Republicans optimistic they can strike a deal on infrastructure
They must act quickly if they hope to strike a deal before Biden's deadline.
Republican lawmakers left a meeting with President Joe Biden Thursday optimistic that an agreement can be reached on an infrastructure package, but lawmakers must act quickly if they hope to strike a deal before the president's fast-approaching deadline.
While Biden has long projected a desire to work across the aisle on an infrastructure plan, he's also been clear that Democrats will forge ahead without Republicans if bipartisan talks don't yield swift results. The White House wants to see "significant progress" on an infrastructure deal by Memorial Day and Biden is aiming for final passage by the end of the summer.
Republicans leaving the White House Thursday indicated that agreement was possible.
Republican Sen. Shelley Moore Capito, who is leading the Republican infrastructure effort, painted Biden as an "honest broker" and said that during Thursday's meeting, the parties laid out next steps for trying to bridge the substantive divide between their two infrastructure plans.
"He was very open to suggestions as were we. I think it's the beginning of -- a good jump-start I think," Capito said on Fox News. "We promised to come back with another offer that he will react to and counter offer. We did what we intended to do, which is get next steps, be very cordial and ready to deal."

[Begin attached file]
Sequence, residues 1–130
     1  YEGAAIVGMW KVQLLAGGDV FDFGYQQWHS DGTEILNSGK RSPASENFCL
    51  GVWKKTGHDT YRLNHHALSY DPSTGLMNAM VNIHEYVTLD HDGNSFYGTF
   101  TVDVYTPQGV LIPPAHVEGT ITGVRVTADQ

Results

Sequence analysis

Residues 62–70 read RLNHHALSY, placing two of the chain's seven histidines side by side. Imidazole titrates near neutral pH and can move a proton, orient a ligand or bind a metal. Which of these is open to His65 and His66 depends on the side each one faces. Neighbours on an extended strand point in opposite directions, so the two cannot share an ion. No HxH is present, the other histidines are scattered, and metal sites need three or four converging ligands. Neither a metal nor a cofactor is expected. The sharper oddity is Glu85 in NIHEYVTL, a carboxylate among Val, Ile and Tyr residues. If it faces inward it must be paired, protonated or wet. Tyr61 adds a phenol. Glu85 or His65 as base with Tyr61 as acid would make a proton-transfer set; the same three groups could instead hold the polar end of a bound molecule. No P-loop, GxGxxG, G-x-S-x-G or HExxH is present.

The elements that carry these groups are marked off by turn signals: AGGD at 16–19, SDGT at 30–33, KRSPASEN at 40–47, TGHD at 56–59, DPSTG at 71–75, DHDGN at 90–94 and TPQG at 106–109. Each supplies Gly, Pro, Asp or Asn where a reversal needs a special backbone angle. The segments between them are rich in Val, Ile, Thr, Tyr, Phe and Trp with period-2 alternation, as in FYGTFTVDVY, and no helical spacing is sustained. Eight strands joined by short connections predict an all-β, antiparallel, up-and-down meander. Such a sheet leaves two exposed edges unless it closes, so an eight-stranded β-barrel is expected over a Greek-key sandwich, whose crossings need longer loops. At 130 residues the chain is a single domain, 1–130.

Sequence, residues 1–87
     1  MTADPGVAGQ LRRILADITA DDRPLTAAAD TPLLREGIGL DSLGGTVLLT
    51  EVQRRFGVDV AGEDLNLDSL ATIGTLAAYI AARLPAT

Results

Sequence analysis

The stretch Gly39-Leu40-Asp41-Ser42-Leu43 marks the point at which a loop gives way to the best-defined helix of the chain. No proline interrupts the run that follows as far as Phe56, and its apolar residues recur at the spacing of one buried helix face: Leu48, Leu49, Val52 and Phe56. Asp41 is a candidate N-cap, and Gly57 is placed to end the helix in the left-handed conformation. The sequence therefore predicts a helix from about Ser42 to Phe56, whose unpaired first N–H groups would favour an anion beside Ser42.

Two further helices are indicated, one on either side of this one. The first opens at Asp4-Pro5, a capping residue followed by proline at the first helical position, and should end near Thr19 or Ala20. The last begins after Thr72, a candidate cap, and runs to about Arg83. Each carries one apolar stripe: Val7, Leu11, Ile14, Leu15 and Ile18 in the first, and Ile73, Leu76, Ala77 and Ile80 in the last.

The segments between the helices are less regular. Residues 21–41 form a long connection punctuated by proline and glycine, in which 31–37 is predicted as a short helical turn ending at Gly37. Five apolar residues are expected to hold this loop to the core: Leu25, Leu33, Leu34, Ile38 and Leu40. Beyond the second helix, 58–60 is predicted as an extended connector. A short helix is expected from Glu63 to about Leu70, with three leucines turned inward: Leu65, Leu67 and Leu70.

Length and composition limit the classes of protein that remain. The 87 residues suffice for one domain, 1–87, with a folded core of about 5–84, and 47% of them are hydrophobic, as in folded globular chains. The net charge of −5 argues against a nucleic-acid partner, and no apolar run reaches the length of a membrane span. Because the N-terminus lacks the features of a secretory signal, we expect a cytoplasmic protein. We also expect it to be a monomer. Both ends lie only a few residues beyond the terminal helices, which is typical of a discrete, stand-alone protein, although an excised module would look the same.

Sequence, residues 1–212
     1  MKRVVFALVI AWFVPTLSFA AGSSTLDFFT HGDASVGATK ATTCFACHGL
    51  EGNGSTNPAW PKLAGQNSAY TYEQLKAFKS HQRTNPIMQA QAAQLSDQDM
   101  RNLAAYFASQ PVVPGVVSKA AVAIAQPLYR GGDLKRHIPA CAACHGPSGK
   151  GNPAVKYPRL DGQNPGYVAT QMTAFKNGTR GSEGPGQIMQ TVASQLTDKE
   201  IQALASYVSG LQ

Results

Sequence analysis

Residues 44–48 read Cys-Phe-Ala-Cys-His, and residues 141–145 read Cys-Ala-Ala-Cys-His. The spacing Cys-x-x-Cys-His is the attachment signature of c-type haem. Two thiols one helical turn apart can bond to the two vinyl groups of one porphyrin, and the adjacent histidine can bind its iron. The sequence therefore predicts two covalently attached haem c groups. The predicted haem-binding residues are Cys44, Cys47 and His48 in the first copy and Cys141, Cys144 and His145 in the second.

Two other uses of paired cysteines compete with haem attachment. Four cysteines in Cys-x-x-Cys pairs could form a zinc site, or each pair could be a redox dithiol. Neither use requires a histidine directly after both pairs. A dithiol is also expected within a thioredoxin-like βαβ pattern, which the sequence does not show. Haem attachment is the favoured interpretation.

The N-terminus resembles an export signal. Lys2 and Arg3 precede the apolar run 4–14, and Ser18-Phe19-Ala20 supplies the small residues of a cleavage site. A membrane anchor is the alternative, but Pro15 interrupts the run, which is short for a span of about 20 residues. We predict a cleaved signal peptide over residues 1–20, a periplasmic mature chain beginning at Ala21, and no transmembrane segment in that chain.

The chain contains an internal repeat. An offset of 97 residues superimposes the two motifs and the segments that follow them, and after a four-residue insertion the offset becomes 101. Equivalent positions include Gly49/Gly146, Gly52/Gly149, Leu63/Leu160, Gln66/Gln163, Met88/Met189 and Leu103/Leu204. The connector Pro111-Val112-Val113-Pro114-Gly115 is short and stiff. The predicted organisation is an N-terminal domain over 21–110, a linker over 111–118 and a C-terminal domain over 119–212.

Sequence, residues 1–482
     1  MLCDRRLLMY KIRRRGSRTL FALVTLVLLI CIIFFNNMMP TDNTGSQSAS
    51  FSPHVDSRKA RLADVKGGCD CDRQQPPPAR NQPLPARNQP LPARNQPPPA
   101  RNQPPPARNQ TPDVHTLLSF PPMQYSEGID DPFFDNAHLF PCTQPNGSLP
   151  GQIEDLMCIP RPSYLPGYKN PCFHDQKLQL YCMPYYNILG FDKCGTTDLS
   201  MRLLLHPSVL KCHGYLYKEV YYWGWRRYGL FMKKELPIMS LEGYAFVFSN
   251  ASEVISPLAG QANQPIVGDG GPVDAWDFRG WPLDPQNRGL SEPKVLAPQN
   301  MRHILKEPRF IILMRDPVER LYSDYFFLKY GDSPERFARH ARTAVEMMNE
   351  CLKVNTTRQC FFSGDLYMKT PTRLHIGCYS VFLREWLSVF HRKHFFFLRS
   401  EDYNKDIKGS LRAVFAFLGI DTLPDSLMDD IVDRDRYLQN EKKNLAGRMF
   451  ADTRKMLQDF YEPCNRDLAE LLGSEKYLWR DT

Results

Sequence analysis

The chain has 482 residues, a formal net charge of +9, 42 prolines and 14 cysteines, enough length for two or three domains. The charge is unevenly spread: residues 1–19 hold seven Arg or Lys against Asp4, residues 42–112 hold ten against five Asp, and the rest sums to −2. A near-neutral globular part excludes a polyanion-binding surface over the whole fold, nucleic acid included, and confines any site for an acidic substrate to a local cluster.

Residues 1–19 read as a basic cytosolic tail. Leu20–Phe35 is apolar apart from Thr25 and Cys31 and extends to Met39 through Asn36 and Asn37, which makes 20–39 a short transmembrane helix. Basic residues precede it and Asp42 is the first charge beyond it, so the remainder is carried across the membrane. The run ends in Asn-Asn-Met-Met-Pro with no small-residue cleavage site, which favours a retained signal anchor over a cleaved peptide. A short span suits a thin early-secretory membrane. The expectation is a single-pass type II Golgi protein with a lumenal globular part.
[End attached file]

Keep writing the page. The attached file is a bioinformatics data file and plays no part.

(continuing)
The Republican counter-offer, which is expected to be a more detailed version of the framework they presented to Biden Thursday, could come as soon as early next week, said Missouri Sen. Roy Blunt, who also attended the meeting.
Biden is then expected to counter that offer.
"We all know we need to move pretty quickly here," Blunt said.
There's limited opportunity to make legislative headway in the summer months because the Senate leaves town for Memorial Day, Independence Day and the August recess. The highway system and surface transportation systems law expires in September, compounding the need for lawmakers to act swiftly.
The central sticking point left to be resolved is how broadly infrastructure ought to be defined.
Biden has proposed two infrastructure plans totaling about $4 trillion dollars that fund everything from roads and bridges to a boost in the power grid, electric-vehicle charging stations, in-home care and public buildings, such as schools.
The administration branded some items in the package, like child care and home care as "human infrastructure." Republicans scoffed at that and offered a counter proposal, led by Capito, that focuses on "core" infrastructure. Their original framework would fund roads, bridges, ports, waterways, airports and broadband at about $568 billion dollars.
Despite the substantive divide, following their meeting Thursday, Capito said Biden seemed to understand the narrower Republican approach.
"I'm not saying he agrees with it or with everything, that's the point of a negotiation here," Capito said. "He understands why we knocked some things out. If he wants to try to have us reconsider -- that's part of a negotiation. I think he got our point. He understands what we think modern infrastructure is."